Day 6: Sublime Text 3 Level Up

I have been a casual Sublime Text user for some time now (around 4 years). I primarily used it to write code in languages I was tinkering around with. My first exposure to writing code was in around 2005, when I was freestyling with HTML/CSS to customize my public MySpace profile. Then, I could never imagine how powerful a tool like Sublime Text 3 could be. Over the course of this week, I was exposed to many of the built in functions of the editor and how to extend it using add on packages and custom snippets.

I use the default theme in my Sublime Text 3 configuration in conjunction the Solarized Dark color scheme. According to many, the Solarized color pallet is less strenuous on the eyes. Also, I prefer to work in dim light, so Solarized Dark is my color scheme of choice.

My favorite package, thus far, is Emmet. When I was first exposed to HTML\CSS, I could never imagine using a tool like Emmet for code generation. Emmet takes abbreviations of HTML in what is essentially an equation and expands it to complete nested code. It uses symbols to differentiate between elements that are either parent|child relationship vs siblings. Additionally, symbols can be used to add id’s or classes to elements. Still, I am fascinated by how much more efficient this package makes the process of writing markup.

There are also many useful built-in keyboard functions. For myself, I think it’s a tie for most useful keyboard shortcuts, split screen view and multiple cursor editing. Split screen view is powerful for comparing and referencing code for homogeneity and debugging. Multiple cursor editing is such a time saver. The list goes on and on for Sublime’s built-in functions, but those definitely stand out to me and will be ones that I will use heavily.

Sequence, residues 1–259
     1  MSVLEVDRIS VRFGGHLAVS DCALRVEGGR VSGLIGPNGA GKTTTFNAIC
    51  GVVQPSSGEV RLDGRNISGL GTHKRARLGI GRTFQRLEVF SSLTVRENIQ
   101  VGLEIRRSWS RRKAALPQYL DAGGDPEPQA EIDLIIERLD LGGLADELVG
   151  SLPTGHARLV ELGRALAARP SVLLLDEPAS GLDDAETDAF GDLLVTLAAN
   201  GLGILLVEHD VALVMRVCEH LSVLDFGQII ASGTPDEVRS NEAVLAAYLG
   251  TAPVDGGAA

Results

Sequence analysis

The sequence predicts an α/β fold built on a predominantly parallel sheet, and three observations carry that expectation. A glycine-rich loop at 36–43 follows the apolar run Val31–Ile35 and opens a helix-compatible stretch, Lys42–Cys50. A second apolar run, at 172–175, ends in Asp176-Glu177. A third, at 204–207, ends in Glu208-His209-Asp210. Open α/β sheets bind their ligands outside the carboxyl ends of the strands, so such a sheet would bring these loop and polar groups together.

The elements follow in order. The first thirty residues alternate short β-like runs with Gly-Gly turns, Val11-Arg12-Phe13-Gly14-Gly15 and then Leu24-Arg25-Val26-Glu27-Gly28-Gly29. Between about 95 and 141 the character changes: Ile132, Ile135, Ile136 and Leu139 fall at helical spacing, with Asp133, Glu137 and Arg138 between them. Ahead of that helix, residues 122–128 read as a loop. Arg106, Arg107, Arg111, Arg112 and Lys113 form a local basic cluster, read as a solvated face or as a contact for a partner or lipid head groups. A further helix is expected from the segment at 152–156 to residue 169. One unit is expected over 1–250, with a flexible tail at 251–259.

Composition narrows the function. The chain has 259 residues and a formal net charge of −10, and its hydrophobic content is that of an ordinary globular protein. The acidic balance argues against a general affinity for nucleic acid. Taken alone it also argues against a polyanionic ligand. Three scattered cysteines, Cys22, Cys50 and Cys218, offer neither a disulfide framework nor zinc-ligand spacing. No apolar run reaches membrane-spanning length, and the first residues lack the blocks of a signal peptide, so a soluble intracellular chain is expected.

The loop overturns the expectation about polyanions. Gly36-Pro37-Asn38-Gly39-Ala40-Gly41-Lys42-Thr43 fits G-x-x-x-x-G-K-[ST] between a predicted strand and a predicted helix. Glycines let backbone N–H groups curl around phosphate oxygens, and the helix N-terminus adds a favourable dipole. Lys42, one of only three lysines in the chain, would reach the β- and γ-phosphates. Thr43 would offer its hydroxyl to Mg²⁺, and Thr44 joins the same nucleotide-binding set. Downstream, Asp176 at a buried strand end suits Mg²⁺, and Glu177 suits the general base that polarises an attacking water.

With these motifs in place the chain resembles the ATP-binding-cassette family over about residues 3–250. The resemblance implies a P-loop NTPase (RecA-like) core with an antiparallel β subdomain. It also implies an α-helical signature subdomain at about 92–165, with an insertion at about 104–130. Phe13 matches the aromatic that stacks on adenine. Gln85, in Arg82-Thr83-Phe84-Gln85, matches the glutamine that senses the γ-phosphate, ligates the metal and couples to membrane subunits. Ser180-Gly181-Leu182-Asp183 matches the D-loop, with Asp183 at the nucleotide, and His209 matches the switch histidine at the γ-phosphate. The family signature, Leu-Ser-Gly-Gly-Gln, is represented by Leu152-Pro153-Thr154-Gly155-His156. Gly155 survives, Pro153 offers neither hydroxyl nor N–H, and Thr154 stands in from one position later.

As software developers, we take pride in not having to repeat ourselves by writing modular code. With custom snippets, our code has the opportunity to become even modular by creating templates for code that we use frequently and allowing us to plug in the syntax that does change. This is definitely a useful feature for any developer. I, myself, will be inspecting my code weekly to examine any trends and create snippets for code I recreate.

#StayCoding

Total Study Time Day 0-6: 35 Hours.

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